With the frenzy of the Electronic Entertainment Expo (E3) now complete, and a laundry list of games to look forward to from “Fallout 4” to “Shenmue 3” and well, well beyond left in its wake, a company like Wozlla that focuses on HTML5 games in the Chinese market is easily overlooked. But this company managed to land $2 million in investment to bring its breed of HTML5 gaming out of the Chinese market and into others beyond.
Wozlla, out of Beijing, recently had something of a hit on its hands with the release of “Summoner of Time: Hero Reborn”, and that led Greenwood Asset Management to put a fairly hefty bet behind the company. This actually isn't the first time Greenwood has put money behind a Chinese tech firm; reports suggest it's done this several times before. But Wozlla likely made itself a bit more attractive of a buy by offering up not only a major game in the Chinese market, but also by making a comic book series around the game's main characters. Given that the game reportedly hit number 28 on the iOS App Store's top downloads list in China—Tencent gave it the nod as Best 2015 HTML5 game—Wozlla has some pretty impressive intellectual property to its credit.
Reports suggest that Wozlla will be taking its newfound capital to drive expansion in North and South America, and to continue creating games. Wozlla's founder and CEO, Zi Bin Cheah, offered up some comment in a statement saying “HTML5 will lead the way in games development in the future. China is at the forefront of HTML5 games development technology.”
A bit optimistic, maybe, but not wholly out of line. HTML5 will be the leader in browser games, certainly, and browser games are likely to gain ground thanks to the comparatively “casual” nature such games often have. When all that's desired is a way to fill a quick five minutes, an HTML5 game would do that job in grand fashion. The versatility HTML5 can offer, meanwhile, is also a major point in its favor; consider how, not too long ago, we heard about platforms that can help develop HTML5 games quickly. Plus, the overall rise of the app store market certainly helps on that front, even if it becomes difficult to differentiate offerings in a crowded market. But by like token, suggesting that HTML5 browser games will ever have the following of, say, the “Fallout” series or the like is a bridge too far for my tastes. Still, the rapid development potential and entertaining gameplay of HTML5 games won't be lost on gamers, and the bet that Greenwood made on this company should pay off long-term.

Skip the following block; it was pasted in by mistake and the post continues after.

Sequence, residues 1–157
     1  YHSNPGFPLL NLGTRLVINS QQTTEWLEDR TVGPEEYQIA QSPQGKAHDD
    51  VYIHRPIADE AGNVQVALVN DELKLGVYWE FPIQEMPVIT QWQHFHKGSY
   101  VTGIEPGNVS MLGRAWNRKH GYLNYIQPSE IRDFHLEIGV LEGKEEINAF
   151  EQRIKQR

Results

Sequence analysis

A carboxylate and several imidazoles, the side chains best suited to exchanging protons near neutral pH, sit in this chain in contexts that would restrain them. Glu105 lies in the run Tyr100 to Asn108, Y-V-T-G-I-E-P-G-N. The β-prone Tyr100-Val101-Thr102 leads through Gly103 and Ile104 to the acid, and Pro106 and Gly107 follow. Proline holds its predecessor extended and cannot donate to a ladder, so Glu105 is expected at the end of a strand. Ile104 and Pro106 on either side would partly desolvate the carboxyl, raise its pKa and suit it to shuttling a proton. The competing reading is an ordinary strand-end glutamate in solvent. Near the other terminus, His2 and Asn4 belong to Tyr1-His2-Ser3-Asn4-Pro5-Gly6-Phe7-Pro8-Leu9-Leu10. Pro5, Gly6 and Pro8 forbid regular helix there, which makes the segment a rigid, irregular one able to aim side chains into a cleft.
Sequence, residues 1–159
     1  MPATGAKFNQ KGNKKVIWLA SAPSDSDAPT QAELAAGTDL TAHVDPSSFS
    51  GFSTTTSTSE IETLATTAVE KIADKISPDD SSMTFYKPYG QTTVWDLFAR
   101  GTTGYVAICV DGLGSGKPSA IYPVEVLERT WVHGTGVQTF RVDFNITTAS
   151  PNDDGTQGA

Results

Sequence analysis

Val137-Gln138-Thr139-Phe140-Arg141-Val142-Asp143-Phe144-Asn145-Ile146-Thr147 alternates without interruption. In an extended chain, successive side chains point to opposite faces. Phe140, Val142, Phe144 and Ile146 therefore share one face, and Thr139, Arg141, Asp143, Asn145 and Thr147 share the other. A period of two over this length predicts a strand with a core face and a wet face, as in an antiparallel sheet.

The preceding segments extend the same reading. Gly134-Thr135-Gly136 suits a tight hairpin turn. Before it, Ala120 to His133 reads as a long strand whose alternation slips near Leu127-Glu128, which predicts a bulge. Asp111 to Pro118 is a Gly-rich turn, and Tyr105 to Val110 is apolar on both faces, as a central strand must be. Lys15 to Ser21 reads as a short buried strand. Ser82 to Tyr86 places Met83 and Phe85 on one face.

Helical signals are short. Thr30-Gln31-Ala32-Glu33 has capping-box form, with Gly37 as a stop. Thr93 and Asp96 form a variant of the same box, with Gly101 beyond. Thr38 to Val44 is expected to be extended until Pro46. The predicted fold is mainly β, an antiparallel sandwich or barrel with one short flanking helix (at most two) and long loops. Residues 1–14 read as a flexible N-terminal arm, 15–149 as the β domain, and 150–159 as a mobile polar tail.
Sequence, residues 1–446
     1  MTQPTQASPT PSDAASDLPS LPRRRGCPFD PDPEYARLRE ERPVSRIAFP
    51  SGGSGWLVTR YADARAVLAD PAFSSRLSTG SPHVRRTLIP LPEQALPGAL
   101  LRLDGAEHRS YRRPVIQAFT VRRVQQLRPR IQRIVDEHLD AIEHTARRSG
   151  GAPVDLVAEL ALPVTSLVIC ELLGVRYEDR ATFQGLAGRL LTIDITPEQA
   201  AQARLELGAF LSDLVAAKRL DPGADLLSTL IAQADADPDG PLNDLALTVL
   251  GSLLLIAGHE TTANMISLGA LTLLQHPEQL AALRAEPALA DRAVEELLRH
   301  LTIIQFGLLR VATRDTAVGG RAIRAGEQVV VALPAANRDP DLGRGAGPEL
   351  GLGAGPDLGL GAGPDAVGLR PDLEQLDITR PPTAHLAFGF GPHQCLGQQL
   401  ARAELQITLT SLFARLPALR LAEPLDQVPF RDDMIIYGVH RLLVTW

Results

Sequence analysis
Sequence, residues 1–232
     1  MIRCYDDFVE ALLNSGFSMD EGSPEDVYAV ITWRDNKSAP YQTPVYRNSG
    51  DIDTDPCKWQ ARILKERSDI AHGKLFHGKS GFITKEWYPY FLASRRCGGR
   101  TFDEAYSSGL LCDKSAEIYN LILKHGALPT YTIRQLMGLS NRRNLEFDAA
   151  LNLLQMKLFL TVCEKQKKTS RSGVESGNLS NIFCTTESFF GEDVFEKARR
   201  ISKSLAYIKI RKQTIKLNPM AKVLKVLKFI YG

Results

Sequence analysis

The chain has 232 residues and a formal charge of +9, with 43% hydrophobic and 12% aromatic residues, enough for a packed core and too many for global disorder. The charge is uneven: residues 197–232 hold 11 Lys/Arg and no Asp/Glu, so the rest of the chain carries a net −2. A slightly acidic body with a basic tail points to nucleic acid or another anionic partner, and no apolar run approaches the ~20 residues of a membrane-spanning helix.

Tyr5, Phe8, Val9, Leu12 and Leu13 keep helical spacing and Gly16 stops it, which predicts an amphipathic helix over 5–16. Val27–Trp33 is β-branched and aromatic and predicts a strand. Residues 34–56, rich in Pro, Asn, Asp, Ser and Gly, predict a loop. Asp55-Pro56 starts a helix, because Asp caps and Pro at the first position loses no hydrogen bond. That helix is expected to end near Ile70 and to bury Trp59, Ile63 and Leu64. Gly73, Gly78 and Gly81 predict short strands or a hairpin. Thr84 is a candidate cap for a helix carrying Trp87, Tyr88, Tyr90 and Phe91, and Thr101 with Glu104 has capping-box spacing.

While HTML5 games may never conquer the gaming market against major triple-A releases, there's nothing saying there won't be a market, and a fairly robust one at that. Wozlla is poised to be a major part of this market to come, and that should provide plenty of new gaming opportunities for the players out there.
Edited by Dominick Sorrentino